Industry players also said that this incident will just move people away from WazirX, not from crypto trading.
That’s where the finance minister’s comments become significant.
Checks with other crypto investors as well as exchanges show that despite the ED crackdown investment sentiments among the investors have not been impacted.
“Crypto adoption is on track, these news have no impact.
"I would rather tell investors to keep their assets in non-custodian wallets than in exchanges or platforms,” said a founder of a crypto platform.
Others also feel that moving away to international exchanges will only complicate the traders.
In an email to users, WazirX said: “We have noticed that users are opting to withdraw their funds to international exchanges.
"However, in the process, they may unknowingly be non-compliant.
"International exchanges do not have TDS (tax deduction at source) frameworks in place.
"Most of them have no visibility over the user’s real identity or the scale of transactions. Thus, putting the onus of deducting TDS on the individual, which is nearly impossible.”
The email goes on to explain the issue.
Individual users may move away to international exchanges, but when it comes to exchanging crypto to Indian rupees they will face issues.
It is mandatory for the buyer (whether a resident of India or not) to deduct 1 per cent (5 per cent in some cases) of the amount paid to the Indian seller for transactions more than Rs 10,000.
In a notice dated June 22, the Central Board of Direct Taxes mandates a person who is responsible for paying any resident any sum by way of consideration for transfer of crypto to deduct an amount equal to 1 per cent of such sum as income tax thereon.
The tax deduction is required to be made at the time the sum is credited to the account of the resident or at the time of payment, whichever is earlier.
“WazirX has a framework for complying with the TDS as per the government notification.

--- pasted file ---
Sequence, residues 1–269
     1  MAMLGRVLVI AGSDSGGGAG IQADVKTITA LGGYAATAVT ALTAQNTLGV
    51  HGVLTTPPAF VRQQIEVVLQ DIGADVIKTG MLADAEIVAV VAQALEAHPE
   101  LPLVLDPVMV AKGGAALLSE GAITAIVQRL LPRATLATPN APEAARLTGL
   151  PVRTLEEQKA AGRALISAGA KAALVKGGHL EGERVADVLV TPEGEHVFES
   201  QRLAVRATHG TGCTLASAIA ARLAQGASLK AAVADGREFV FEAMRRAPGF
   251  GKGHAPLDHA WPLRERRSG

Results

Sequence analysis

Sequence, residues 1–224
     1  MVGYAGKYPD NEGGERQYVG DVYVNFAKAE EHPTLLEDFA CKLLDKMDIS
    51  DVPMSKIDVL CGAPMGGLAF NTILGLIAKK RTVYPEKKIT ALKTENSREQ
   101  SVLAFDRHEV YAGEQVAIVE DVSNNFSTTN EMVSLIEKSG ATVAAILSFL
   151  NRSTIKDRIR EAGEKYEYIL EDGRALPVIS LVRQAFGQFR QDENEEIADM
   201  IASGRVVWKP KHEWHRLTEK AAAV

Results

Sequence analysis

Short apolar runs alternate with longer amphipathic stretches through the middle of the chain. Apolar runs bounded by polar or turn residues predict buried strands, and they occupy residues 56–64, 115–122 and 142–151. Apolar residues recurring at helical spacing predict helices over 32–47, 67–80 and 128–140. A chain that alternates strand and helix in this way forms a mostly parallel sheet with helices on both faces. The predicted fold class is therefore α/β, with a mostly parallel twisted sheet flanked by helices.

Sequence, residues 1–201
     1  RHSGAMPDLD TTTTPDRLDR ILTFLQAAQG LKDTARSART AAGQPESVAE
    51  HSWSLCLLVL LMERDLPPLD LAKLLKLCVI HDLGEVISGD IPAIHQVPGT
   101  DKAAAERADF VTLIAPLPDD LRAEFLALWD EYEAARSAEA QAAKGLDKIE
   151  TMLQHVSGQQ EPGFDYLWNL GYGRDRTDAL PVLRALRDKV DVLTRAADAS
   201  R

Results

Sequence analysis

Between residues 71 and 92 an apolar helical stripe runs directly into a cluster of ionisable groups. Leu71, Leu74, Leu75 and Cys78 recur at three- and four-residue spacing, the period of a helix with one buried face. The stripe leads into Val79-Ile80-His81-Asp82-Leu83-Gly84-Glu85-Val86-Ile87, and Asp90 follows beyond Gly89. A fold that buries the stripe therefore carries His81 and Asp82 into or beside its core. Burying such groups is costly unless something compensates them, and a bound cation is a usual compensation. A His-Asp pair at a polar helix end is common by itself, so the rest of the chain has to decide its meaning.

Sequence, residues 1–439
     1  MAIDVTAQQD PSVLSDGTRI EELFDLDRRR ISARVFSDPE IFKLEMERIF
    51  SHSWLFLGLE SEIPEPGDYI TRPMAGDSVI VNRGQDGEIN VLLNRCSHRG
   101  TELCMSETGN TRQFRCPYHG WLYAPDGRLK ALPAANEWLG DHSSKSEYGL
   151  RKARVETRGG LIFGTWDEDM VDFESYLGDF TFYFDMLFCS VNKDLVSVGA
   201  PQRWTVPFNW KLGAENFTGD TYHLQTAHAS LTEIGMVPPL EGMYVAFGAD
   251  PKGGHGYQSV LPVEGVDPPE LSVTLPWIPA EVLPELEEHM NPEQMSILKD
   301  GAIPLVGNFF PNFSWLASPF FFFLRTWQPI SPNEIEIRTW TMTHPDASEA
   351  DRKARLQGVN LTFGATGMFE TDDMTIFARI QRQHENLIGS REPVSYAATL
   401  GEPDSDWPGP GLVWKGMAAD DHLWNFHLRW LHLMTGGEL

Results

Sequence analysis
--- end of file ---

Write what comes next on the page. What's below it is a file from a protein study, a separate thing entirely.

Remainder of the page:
"We request the users not to panic and take the right decision,” the management’s email said.
Industry players are also saying that users are moving to decentralised wallets so that they have control of their investments.
“Users can do that, but will they pay the 1 per cent TDS to the government? For that they will have to go through the exchanges,” said a founder of the start-up Web3.
It is perhaps time for the government to come out with clear rules on crypto.
Though the RBI has always stated that crypto is not a legal currency to transact, the fact is that there are thousands of people who want to trade in them.
The Indian start-up ecosystem has seen a good amount of investments in the sector. According to the Tracxn database, since 2021 there has been an investment of $640 million.
For 2021, the figure was $441 million across 15 rounds.
Last year, two crypto exchanges in India became unicorns.
On the radar
- In August 1st week, ED summoned India’s top nine crypto exchange platforms; they were questioned for money laundering, especially over a number of Indian NBFCs and their fintech partners for predatory lending
- The ED found funds were diverted by fintech companies to buy crypto assets and then launder them abroad
- The ED froze crypto exchange Vauld’s assets worth Rs 370 cr, and WazirX’s bank assets worth Rs 64.67 cr
- With the ED heat on, WazirX was disowned by Binance, the world’s largest crypto exchange and users are moving away from the platform
- Checks with crypto investors as well as exchanges show that despite the ED crackdown investment sentiments among investors have not been impacted
- Industry players are also saying that users are moving to decentralised wallets so that they have control of their investments